Author(s): Estabrook RW
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Abstract Many members of the superfamily of hemeproteins, known as cytochrome P450 (P450 or CYP), are currently described in the literature (over 2000 at the date of this writing) [see Nelson, 2003 (http://drnelson.utmem.edu/CytochromeP450.html)]. In mammalian tissues, the P450s play central roles in drug and xenobiotic metabolism as well as steroid hormone synthesis, fat-soluble vitamin metabolism, and the conversion of polyunsaturated fatty acids to biologically active molecules. P450s also play a major role in plants by catalyzing the synthesis of a large number of secondary metabolites. Today we appreciate the unique oxygen chemistry catalyzed by the P450 enzymes as well as the dramatic effect of protein structural changes resulting in modifications of substrate specificity. Recent scientific advances have shown the importance of genetic differences (polymorphisms) in altering the physiological response of an animal to endo- and exo-biotic chemicals. In many instances these changes can be directly attributed to small differences in the amino acid sequence of a P450. The present article describes some of the early events associated with the establishment of the biological function of P450s. The 1950s and 1960s showed the transition of P450 from an unknown spectroscopic curiosity to the major player it now occupies in maintaining cellular homeostasis. The P450s are now recognized to occupy a great variety of phylogenetically distributed isoform activities. Much has been learned about the P450s, but much more remains as poorly understood. It has been almost 50 years since this class of unique proteins were discovered and their catalytic functions characterized. The present article describes the background and early history of research leading to our present knowledge of the cytochromes P450. Hopefully we will learn lessons from this history as we venture forward down the path of future scientific discovery.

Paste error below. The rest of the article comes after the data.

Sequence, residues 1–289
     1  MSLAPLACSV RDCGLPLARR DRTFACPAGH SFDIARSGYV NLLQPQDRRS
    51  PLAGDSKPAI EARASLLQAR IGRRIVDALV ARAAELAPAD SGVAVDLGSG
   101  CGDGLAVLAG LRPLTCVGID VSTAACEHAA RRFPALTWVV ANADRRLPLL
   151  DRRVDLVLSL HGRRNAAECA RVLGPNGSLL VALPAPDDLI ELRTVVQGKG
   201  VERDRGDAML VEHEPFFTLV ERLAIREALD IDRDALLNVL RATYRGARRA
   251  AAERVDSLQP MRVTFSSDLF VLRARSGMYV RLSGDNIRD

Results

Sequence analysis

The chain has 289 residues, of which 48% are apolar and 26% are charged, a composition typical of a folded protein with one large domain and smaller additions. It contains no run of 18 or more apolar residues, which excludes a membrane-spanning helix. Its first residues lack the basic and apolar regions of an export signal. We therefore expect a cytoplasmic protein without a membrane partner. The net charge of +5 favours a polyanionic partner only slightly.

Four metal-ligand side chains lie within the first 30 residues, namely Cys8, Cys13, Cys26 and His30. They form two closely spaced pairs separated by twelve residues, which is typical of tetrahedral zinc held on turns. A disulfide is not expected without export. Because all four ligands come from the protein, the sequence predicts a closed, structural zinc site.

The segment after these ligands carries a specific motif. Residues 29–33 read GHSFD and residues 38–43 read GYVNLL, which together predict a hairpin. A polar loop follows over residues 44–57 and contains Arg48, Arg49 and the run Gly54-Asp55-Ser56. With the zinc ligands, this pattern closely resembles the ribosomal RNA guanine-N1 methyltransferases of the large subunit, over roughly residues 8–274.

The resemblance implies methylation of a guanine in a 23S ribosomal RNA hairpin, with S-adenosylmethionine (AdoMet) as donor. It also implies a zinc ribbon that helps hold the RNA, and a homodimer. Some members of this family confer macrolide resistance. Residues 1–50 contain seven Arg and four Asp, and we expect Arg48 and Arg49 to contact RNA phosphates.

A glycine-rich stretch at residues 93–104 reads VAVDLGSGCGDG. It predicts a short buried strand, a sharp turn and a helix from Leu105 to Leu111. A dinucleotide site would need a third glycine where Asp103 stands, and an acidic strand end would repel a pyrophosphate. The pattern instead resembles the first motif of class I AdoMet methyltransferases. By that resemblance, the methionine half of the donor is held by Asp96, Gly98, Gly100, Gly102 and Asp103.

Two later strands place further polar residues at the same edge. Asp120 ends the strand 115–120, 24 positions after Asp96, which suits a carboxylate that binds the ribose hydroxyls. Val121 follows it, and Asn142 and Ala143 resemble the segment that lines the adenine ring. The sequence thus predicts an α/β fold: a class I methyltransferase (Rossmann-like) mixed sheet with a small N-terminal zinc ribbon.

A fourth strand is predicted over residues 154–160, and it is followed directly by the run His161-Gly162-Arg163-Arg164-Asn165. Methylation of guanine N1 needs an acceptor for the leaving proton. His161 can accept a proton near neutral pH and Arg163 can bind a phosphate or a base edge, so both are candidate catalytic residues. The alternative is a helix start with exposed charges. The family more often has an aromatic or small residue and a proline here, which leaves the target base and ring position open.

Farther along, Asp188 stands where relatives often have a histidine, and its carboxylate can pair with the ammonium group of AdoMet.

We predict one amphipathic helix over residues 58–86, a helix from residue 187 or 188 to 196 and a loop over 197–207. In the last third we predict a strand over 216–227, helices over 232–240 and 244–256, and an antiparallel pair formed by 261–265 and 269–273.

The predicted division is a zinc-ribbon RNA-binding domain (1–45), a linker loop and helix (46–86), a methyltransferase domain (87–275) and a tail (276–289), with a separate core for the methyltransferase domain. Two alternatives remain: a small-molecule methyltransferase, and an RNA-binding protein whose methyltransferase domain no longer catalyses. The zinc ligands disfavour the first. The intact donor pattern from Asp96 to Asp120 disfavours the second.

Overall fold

This article was published in Drug Metab Dispos
and referenced in Journal of Clinical & Experimental Pharmacology